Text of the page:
speech, writing, and poetry in early china (volume a)

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  • Speech, Writing, and Poetry in Early China (Volume A)

  • Chinese Writing System3,200-year historyShang Dynastylogographicbrush talk

  • Confuciusmoral educationanalectsDaoismClassic of Poetrythink no evilpoor yet cheerful, rich yet considerate

  • Classic of Poetrypoetry and self-expressionfeng (wind, customs, influence, criticism)inside intention/ outside manifestationqi (vital breath)mirror of poets cultureYa (proper)

  • ZhuangziDaoismanecdotedangers of persuasionnecessity of language

  • veneration of the written wordoral persuasionapplicable knowledge The difficult thing about persuasion is to know the mind of the person one is trying to persuade and to be able to fit ones words to it (p. 1428). learn how to play up the aspects that the person you are talking to is proud of, and play down aspects he is ashamed of (p. 1429). Praise other men whose deeds are like those of the person you are talking too; commend actions of which are based upon the same policies as his (p. 1429)Han Feizi

  • To what degree is the proper and/or beautiful use of language considered an art in these texts, and to what degree is it considered a natural talent? What important distinctions ought to be made regarding this question?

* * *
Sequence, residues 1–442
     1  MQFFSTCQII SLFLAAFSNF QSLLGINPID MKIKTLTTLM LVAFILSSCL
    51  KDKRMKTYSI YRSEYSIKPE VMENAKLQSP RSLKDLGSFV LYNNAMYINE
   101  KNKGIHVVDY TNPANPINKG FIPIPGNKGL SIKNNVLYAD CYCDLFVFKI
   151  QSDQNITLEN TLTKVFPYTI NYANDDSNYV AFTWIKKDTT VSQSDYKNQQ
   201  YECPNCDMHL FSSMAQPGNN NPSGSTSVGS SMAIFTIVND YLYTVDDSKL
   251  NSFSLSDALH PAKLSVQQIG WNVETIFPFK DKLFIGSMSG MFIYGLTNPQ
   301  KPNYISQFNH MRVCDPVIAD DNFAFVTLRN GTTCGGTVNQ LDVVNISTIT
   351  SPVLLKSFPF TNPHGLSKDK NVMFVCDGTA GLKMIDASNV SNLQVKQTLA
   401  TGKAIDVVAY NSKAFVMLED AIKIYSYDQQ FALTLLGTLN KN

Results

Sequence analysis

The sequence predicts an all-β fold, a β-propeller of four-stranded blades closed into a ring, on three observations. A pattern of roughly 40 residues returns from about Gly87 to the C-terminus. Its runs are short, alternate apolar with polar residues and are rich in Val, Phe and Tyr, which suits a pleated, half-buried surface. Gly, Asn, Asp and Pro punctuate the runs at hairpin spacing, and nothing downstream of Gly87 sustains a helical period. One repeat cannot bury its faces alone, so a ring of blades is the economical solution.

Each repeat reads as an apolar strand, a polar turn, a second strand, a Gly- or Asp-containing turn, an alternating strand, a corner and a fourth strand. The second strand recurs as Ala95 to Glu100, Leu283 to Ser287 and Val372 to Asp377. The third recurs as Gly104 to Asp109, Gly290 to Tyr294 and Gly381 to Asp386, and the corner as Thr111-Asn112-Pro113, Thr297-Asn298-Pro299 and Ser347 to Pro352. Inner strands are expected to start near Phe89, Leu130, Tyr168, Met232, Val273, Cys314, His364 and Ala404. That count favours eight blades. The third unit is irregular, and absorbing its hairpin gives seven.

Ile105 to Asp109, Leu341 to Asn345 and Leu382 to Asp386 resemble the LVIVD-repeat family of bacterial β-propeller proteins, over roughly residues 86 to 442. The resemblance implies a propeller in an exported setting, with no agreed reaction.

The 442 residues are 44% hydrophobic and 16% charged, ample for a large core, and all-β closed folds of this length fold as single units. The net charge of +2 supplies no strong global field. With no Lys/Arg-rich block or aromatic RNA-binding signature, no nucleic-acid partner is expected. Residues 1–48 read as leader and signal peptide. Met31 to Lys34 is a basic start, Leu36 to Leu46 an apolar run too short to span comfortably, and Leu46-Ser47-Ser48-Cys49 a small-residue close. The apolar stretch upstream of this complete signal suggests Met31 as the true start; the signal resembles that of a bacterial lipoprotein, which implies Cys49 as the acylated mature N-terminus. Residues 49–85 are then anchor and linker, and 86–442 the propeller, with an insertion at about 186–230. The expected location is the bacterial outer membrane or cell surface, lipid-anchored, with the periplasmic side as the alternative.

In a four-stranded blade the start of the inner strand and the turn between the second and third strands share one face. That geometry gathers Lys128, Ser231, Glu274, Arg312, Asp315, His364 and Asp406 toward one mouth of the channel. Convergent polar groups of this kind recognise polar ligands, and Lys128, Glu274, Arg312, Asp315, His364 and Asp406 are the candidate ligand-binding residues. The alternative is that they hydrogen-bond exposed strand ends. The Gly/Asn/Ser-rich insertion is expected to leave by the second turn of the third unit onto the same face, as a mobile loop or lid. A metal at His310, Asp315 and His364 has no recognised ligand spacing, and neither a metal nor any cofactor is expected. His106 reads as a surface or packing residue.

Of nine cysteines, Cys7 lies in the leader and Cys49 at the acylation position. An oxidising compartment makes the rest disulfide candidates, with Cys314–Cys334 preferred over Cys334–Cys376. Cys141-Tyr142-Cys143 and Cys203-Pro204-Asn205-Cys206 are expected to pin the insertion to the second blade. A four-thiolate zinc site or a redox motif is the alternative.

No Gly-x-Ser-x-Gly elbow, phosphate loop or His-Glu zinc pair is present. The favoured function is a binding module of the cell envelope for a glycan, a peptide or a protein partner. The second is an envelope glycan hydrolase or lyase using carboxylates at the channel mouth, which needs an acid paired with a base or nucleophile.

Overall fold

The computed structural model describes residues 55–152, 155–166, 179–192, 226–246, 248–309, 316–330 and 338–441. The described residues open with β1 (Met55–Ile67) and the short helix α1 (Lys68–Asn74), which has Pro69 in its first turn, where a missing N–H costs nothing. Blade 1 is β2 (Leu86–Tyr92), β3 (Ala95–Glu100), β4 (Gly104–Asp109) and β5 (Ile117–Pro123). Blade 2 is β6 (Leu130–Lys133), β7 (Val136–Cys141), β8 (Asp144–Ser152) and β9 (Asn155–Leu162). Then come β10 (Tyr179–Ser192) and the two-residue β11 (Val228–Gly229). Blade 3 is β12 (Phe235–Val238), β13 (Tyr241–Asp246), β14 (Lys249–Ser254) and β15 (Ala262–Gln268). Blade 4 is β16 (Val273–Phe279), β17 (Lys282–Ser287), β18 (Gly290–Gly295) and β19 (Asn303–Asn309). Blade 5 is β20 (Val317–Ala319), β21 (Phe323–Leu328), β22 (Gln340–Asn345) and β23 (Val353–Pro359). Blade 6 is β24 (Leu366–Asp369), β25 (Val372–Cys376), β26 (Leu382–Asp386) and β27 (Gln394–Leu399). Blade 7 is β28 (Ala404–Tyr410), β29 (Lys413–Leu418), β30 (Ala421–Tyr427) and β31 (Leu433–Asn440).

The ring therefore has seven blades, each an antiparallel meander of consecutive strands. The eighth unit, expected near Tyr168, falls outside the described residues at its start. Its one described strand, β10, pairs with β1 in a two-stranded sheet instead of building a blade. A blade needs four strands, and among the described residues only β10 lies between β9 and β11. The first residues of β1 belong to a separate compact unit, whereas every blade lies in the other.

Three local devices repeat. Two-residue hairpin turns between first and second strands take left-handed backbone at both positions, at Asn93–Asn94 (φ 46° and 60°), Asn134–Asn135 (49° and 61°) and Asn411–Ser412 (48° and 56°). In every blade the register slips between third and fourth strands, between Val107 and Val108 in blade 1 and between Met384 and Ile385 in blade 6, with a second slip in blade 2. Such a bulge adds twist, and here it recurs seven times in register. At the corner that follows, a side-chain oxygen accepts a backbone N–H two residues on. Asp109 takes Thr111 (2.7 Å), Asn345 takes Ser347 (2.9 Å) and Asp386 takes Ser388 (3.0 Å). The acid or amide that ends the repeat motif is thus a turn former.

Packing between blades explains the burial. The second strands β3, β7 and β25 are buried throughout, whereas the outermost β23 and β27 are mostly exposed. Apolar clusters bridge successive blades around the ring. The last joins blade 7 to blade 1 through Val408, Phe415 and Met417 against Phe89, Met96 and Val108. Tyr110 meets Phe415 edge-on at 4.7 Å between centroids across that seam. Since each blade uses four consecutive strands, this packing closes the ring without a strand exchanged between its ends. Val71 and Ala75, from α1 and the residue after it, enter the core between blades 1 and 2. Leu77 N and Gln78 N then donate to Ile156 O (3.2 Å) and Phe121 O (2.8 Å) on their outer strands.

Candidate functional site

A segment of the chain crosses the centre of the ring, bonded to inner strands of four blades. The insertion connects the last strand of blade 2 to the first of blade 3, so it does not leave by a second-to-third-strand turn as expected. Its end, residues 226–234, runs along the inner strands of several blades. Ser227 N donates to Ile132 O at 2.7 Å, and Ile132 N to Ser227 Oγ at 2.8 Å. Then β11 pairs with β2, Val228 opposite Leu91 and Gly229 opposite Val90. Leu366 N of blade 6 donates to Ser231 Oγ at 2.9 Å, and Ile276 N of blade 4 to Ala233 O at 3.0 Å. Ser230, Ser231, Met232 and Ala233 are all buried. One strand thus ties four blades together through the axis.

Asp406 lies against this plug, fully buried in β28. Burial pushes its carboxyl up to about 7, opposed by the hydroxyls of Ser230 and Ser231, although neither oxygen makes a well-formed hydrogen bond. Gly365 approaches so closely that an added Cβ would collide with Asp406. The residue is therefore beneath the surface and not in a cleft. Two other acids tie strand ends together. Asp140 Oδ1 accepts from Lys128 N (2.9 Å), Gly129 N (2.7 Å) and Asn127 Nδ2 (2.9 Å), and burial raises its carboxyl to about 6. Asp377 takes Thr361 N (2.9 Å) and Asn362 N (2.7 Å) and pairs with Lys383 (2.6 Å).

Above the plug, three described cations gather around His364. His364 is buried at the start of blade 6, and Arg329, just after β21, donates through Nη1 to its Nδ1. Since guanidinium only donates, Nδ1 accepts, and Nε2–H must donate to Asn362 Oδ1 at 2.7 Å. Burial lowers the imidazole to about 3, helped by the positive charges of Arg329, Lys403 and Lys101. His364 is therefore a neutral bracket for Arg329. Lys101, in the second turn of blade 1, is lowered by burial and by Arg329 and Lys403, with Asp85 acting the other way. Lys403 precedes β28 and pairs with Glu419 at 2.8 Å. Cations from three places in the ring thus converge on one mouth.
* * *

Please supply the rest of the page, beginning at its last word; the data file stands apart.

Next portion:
Discussion Questions

  • Is there an essential element of the poetic that all cultures acknowledge? Does the common appreciation of poetry across cultures indicate anything important about human nature?

    Discussion Questions

  • Would Han Feizis tips on persuading others work successfully in your culture? Why or why not?Discussion Questions

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    Chinese script originated 3,200 years ago during the Shang Dynasty, originally written on animal bones and tortoise shells as oracle-bone inscriptions with a divinatory purpose to advise Shang kings on political decisions and to restore harmony between the human and spirit worlds. Chinese script is nonalphabetic, with sounds holding dozens of meanings that are also represented by multiple characters. Chinese is a logographic language, consisting of sound syllables and radicals (concepts), rather than pictographic or ideographic characters that directly refer to a thing or concept. The script was used in East Asia until the twentieth century; though characters were pronounced differently and languages were orally unintelligible among nations, foreigners could communicate through brush talk, in which ideas were communicated via script rather than spoken language.